These interviews typically range from 30 minutes to an hour. Therefore, I can easily incorporate these into my lunch break throughout the week.

Essentially, companies will look for a specific demographic that fits their research needs. Then, they will invite participants to an interview to share their thoughts on a product, service, or idea.

All I have to do is have a good internet connection, use my webcam camera, and provide my honest opinion. You have to answer some screener questions, and I don’t always get picked. But each interview I’ve participated in is a pleasure. Interviewers are courteous and appreciate your time.

A side hustle that provides supplemental income is a stepping stone to scaling up.

If you’re looking for supplemental income, you likely don’t financially need a side hustle. Instead, you’re looking to diversify your income or acquire extra spending money.

The best type of side hustle is one without pressure for my cautious nature. Sure, some people may thrive under pressure.

I’m not one of them. I get stressed out and have and break out in hives. I want a side hustle to complement my life, not dominate it. So if I need to withdraw from it temporarily, it’s not the end of the world. If I want to ramp up, I can.

Over the past three months, I’ve averaged about $400/month with my writing and user interviews. A lot of my writing revenue is from previous articles, and my earnings from user interviews result from a small investment.

My current side hustles fall in this category. I do plan on pitching to more publications to submit my writing. But for my mental health, I like to walk before I run. So while I’d love to scale them up later, this is my current sweet spot.

Need a side hustle before you quit your job?

If you need a successful side hustle before you put in your resignation notice, it can be a long road. It’s the supplemental income reason on steroids.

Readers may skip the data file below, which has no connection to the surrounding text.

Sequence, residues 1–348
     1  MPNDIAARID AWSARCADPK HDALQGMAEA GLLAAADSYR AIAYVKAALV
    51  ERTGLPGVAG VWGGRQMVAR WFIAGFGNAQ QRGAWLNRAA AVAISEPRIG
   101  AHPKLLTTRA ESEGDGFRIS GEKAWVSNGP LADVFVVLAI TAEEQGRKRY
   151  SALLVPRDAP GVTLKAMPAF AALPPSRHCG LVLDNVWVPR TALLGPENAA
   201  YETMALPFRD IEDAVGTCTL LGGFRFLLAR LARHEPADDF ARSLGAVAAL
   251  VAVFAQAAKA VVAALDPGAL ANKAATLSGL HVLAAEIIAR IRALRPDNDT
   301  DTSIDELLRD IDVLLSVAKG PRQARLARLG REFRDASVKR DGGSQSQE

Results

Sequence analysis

Popular options on building a scalable side hustle to quit your job include:

  • Freelancing or consulting on the side. My brother started consulting for digital marketing while working a full-time job. When he scaled it up, he could confidently leave and rely on his side hustle turned full-time gig.
  • Starting a business. My best friend took a riskier route. She couldn’t dabble in side hustling for long. She dedicated too much time to her full-time job and decided to quit first before building up her client base for video editing. Then, with an extra 40 hours a week, she threw herself into a high-stakes situation and came out on top.
  • Increasing your online presence. I have a friend starting her journey as a social media influencer. Months later, she’s scoring sponsored posts and brand partnerships.

Leaving your job takes a lot of unhappiness or courage. The people closest to me usually have a mix of both. They’re typically competitive people who want to strike out on their own because they know they can do better whether it’s achieving a better work-life balance or skyrocketing their income to replace a full-time salary.